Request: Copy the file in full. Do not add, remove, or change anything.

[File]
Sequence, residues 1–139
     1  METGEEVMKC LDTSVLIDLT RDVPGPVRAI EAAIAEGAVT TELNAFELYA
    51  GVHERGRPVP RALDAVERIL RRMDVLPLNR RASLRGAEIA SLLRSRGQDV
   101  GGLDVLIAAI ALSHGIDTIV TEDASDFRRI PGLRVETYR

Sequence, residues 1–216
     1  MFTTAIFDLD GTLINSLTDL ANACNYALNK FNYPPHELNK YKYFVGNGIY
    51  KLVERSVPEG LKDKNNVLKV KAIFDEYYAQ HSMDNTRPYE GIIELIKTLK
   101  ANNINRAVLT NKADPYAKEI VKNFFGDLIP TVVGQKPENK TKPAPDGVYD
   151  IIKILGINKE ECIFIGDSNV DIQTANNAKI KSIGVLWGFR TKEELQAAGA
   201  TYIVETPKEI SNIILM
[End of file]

Sequence, residues 1–139
     1  METGEEVMKC LDTSVLIDLT RDVPGPVRAI EAAIAEGAVT TELNAFELYA
    51  GVHERGRPVP RALDAVERIL RRMDVLPLNR RASLRGAEIA SLLRSRGQDV
   101  GGLDVLIAAI ALSHGIDTIV TEDASDFRRI PGLRVETYR

Sequence, residues 1–216
     1  MFTTAIFDLD GTLINSLTDL ANACNYALNK FNYPPHELNK YKYFVGNGIY
    51  KLVERSVPEG LKDKNNVLKV KAIFDEYYAQ HSMDNTRPYE GIIELIKTLK
   101  ANNINRAVLT NKADPYAKEI VKNFFGDLIP TVVGQKPENK TKPAPDGVYD
   151  IIKILGINKE ECIFIGDSNV DIQTANNAKI KSIGVLWGFR TKEELQAAGA
   201  TYIVETPKEI SNIILM